Journal Article

Empirical determination of effective gap penalties for sequence comparison

J.T. Reese and W.R. Pearson

in Bioinformatics

Volume 18, issue 11, pages 1500-1507
Published in print November 2002 | ISSN: 1367-4803
Published online November 2002 | e-ISSN: 1460-2059 | DOI: http://dx.doi.org/10.1093/bioinformatics/18.11.1500
Empirical determination of effective gap penalties for sequence comparison

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Motivation: No general theory guides the selection of gap penalties for local sequence alignment. We empirically determined the most effective gap penalties for protein sequence similarity searches with substitution matrices over a range of target evolutionary distances from 20 to 200 Point Accepted Mutations (PAMs).

Results: We embedded real and simulated homologs of protein sequences into a database and searched the database to determine the gap penalties that produced the best statistical significance for the distant homologs. The most effective penalty for the first residue in a gap (q+r) changes as a function of evolutionary distance, while the gap extension penalty for additional residues (r) does not. For these data, the optimal gap penalties for a given matrix scaled in 1/3 bit units (e.g. BLOSUM50, PAM200) are q=25−0.1 • (target PAM distance), r=5. Our results provide an empirical basis for selection of gap penalties and demonstrate how optimal gap penalties behave as a function of the target evolutionary distance of the substitution matrix. These gap penalties can improve expectation values by at least one order of magnitude when searching with short sequences, and improve the alignment of proteins containing short sequences repeated in tandem.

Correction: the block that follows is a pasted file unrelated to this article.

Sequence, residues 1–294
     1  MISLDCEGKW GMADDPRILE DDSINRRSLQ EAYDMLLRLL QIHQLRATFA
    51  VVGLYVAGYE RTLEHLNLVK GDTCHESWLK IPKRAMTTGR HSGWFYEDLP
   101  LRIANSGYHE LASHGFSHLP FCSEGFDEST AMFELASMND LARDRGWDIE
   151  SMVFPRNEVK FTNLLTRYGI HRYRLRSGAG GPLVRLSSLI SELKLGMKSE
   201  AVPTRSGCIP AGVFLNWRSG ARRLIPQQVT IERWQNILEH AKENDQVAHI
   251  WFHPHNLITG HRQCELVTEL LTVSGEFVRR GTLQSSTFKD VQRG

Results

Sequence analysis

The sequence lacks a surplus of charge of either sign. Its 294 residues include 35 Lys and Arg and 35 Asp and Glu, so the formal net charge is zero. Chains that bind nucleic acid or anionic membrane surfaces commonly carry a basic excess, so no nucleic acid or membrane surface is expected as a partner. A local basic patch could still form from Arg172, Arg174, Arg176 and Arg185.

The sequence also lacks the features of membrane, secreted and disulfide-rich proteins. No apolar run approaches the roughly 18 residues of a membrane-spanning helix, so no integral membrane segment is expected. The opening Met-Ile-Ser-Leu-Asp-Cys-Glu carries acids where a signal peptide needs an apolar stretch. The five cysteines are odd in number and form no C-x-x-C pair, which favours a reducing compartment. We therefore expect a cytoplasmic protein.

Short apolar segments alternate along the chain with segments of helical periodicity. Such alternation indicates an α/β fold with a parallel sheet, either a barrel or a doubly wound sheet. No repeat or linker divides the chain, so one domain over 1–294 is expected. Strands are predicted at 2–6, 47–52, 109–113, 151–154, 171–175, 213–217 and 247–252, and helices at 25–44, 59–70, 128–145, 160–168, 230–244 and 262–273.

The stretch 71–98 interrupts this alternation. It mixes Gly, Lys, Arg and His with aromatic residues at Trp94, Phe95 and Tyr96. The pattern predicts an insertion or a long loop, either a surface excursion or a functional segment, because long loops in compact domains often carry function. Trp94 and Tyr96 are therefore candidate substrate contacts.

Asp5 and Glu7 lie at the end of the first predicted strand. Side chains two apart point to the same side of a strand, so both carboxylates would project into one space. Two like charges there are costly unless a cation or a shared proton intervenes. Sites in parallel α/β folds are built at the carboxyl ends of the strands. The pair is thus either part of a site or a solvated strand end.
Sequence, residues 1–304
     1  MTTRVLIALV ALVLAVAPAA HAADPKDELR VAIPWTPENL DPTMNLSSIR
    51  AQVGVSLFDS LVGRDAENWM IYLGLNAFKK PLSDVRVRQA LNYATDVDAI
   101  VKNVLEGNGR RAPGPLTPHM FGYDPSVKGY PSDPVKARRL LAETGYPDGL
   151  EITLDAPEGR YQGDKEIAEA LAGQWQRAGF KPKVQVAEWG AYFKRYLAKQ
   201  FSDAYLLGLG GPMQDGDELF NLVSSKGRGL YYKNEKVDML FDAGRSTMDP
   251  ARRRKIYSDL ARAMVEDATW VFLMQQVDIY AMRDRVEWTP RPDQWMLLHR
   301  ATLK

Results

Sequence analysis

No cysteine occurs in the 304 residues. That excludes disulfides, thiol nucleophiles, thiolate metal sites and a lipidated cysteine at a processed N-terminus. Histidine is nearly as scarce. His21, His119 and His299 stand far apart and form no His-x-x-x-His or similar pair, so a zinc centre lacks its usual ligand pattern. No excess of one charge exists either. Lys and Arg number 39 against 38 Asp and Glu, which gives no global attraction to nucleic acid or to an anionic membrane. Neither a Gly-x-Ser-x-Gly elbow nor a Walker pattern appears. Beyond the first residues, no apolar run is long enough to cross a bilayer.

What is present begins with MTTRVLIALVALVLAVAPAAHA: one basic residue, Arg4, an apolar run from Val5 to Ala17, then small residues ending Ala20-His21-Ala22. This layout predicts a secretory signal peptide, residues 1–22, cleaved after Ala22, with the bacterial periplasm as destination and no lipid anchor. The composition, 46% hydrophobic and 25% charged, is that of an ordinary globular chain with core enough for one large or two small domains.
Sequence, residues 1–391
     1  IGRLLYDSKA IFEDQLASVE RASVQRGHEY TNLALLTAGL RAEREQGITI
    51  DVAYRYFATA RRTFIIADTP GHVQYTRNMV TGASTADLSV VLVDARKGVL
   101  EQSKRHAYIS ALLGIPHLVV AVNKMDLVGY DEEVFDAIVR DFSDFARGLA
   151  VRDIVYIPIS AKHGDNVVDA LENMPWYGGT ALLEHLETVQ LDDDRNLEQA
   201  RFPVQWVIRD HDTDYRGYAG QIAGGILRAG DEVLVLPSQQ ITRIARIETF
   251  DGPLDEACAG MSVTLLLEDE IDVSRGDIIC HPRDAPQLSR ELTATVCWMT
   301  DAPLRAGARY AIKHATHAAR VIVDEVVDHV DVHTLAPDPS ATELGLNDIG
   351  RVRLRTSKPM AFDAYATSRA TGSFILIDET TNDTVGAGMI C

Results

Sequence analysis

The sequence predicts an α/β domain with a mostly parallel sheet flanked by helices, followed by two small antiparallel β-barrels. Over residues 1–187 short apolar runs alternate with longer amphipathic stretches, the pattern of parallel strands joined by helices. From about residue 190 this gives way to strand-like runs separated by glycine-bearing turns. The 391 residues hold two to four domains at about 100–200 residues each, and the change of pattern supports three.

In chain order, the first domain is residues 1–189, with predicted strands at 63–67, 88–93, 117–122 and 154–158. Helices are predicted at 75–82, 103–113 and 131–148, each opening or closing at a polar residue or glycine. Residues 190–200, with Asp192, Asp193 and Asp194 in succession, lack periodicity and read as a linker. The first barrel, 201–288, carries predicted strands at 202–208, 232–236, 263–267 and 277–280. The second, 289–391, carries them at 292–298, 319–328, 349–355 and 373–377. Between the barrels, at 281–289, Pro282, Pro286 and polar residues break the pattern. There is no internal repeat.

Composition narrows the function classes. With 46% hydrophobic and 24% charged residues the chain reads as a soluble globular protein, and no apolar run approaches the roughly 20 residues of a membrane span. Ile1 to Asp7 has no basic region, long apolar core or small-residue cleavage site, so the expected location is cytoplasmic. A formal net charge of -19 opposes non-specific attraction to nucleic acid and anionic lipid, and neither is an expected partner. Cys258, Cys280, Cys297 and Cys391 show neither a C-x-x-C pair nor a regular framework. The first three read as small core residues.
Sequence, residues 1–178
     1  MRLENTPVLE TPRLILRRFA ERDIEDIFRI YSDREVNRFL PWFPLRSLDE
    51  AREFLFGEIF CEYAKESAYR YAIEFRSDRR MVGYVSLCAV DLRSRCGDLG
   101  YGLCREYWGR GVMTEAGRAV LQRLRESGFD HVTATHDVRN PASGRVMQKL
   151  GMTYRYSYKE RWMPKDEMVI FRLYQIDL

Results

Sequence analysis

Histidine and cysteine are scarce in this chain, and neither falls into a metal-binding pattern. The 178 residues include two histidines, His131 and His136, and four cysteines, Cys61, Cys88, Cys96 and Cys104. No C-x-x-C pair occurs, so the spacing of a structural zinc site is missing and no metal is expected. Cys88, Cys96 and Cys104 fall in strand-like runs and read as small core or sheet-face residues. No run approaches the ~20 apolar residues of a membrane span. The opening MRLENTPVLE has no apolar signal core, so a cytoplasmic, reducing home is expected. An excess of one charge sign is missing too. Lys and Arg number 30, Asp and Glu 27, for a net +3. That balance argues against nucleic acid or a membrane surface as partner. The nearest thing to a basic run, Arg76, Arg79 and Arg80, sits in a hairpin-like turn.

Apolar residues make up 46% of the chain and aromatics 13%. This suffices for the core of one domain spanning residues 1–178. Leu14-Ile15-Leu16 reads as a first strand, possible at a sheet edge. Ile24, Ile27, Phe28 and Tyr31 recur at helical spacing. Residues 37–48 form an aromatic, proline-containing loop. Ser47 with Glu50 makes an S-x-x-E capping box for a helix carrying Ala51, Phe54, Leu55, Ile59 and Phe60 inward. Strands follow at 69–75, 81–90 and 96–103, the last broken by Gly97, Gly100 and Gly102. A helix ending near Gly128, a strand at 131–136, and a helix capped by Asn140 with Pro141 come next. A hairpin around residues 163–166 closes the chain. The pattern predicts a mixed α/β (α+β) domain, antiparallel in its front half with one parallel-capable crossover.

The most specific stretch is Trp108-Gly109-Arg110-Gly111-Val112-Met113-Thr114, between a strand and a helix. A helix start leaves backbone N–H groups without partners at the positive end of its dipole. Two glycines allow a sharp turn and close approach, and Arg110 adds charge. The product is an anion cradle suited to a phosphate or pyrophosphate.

Contact: wrp@virginia.edu

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Subjects: Bioinformatics and Computational Biology

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